miami dade mosquito inspector

Continuing a long andconsistent effort to rely on scientific data as the best guide for mosquito control, the Miami-Dade County Mosquito Control Division announces changes to its larviciding truck routes and schedules. The division also suggests residents should not let their guard down during the chillier months of January and February, as mosquitoes do have a year-round presence in Miami-Dade, including a species that can potentially transmit serious diseases.

“Our surveillance program data has shown us a shift in mosquito populations, and as stewards of Miami-Dade County resources, it is incumbent upon us to ensure that we adjust our mitigation efforts accordingly,” says Mosquito Control Division Director Dr. William Petrie. “As a division, we have never wavered in our commitment to evaluate and adapt as necessary, and we believe these new routes will help us better control species such as Aedes aegypti, the primary vector of dengue, yellow fever, and Zika, among other diseases.”

Biweekly treatments applied by three specially-outfitted Buffalo Turbine trucks will now take place in Allapattah, Cutler Bay, Deering Bay, Flagami, Hialeah, Hialeah Gardens, Homestead, Kendall, Key Biscayne, select islands on Miami Beach, Miami Gardens, North Miami, North Miami Beach, Opa-locka, Pinecrest, and West Miami. These areas are in addition to the already-existing regular regions of Little River, Miami Beach, and Wynwood. Visit to view route boundary and scheduling information.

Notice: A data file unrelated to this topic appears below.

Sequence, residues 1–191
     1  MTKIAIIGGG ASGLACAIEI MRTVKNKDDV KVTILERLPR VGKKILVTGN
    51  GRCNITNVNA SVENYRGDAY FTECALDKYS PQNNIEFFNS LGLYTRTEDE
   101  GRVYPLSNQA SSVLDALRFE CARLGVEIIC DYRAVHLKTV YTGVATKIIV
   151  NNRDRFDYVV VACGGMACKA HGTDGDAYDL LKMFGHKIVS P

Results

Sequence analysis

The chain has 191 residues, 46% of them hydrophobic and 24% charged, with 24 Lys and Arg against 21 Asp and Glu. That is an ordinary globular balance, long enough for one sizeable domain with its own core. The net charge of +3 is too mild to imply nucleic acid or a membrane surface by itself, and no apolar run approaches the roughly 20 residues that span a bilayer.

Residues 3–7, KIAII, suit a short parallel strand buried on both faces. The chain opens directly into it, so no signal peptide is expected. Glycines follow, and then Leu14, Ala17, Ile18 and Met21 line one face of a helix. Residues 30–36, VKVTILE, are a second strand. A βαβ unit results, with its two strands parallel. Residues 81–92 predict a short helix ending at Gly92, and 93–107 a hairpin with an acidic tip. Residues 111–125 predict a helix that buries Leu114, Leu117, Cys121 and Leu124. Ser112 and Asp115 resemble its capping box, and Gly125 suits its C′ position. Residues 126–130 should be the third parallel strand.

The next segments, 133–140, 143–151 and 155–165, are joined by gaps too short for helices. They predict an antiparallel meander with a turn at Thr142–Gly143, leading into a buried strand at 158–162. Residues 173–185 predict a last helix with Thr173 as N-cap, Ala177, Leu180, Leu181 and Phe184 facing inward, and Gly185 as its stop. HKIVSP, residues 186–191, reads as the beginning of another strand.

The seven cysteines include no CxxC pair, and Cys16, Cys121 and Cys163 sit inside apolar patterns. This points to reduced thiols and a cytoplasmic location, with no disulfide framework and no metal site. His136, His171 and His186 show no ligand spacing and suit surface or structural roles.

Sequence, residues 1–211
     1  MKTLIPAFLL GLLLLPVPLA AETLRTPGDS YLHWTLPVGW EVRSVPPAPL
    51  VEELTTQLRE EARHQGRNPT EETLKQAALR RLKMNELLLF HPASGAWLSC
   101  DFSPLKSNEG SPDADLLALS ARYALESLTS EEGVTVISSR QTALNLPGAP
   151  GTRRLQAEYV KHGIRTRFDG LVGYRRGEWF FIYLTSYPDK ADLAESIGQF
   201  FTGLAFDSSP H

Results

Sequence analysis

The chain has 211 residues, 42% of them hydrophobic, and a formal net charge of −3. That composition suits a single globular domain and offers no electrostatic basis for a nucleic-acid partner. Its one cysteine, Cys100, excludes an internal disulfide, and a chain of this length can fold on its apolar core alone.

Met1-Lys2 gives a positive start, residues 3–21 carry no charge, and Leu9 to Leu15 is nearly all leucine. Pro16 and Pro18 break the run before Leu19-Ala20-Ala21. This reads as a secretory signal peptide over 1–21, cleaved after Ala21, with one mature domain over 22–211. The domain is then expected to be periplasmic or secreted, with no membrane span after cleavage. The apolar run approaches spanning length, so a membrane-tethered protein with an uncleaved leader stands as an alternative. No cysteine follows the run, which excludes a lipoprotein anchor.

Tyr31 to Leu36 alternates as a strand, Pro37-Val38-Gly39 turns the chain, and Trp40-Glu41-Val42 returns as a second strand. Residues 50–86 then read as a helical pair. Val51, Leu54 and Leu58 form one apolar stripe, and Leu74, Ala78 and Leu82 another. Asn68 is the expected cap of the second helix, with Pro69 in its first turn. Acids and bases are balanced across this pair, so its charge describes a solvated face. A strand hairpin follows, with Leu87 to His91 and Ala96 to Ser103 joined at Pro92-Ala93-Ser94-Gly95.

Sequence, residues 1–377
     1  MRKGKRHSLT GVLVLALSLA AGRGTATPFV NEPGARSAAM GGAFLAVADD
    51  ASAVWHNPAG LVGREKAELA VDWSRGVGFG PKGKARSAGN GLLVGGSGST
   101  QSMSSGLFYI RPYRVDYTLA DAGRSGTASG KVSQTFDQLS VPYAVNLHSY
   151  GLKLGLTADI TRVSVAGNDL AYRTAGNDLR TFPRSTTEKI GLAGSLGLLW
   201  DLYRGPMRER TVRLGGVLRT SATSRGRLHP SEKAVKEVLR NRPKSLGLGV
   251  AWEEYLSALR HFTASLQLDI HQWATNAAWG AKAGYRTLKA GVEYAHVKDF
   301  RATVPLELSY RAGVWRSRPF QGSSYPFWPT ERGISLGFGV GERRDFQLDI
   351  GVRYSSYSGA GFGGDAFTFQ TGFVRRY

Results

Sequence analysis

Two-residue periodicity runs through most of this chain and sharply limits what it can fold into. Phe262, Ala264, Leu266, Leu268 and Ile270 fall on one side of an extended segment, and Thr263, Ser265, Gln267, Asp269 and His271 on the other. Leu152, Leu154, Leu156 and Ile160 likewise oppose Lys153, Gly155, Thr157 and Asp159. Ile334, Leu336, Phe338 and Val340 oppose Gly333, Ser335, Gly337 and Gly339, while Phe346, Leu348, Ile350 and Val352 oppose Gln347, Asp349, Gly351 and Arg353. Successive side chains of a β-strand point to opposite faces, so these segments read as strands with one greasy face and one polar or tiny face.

Larviciding treatments target mosquitoes in their developmental larval stages when they are immersed in standing rain or irrigation water. Spores from the naturally occurring bacteria Bacillus thuringiensis israelensis (Bti) are mixed in a solution with water and sprayed into the air as a fine mist in order to reach the target. The substance is ingested by the larva, which then disrupts the mosquito’s stomach, killing it within a matter of hours. Only toxic to mosquito and black fly larvae, Bti is the pesticide most often used by the division to combat mosquitoes.

Here are some tips to help keep residents mosquito bite-free this winter, and all year-round:

Cover exposed skin with long sleeves, pants, socks and shoes, and/or with an EPA-registered mosquito repellent that contains DEET, picaridin, oil of lemon eucalyptus or IR-3535 as the active ingredient 

Properly dispose of any unused items in your yard that may pool rain or irrigation water 

Periodically change out the water set out for your outdoor pets 

Clear out your rain gutters to prevent clogging and standing water that can facilitate breeding

Maintain the proper chemical levels in your swimming pool all year round to prevent it from turning green and attracting mosquitoes

Using the larvicide Bti in granular form in bromeliads and dunk form in birdbaths and fountains prevents breeding in them

Investing in mesh screening on windows, doors and patios helps keep mosquitoes from entering your home

Request a mosquito inspection and report mosquito nuisance issues like abandoned pools and standing water online at

Residents are encouraged to download and install the Miami-Dade Solid Waste Management Department mobile app, available for iPhone and Android. The app features additional tips and a way to request inspections through it. The division posts planned truck spray routes on its Facebook page at and on Twitter @305Mosquito.

For additional tips navigate to

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